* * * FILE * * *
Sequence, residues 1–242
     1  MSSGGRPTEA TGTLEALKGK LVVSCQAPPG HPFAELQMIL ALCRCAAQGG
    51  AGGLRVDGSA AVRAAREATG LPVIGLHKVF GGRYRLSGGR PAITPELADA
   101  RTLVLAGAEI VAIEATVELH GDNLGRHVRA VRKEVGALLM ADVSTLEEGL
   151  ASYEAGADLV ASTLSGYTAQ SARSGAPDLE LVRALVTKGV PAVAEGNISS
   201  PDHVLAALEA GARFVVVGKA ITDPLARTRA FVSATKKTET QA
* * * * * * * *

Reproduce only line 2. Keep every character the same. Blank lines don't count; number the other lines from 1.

     1  MSSGGRPTEA TGTLEALKGK LVVSCQAPPG HPFAELQMIL ALCRCAAQGG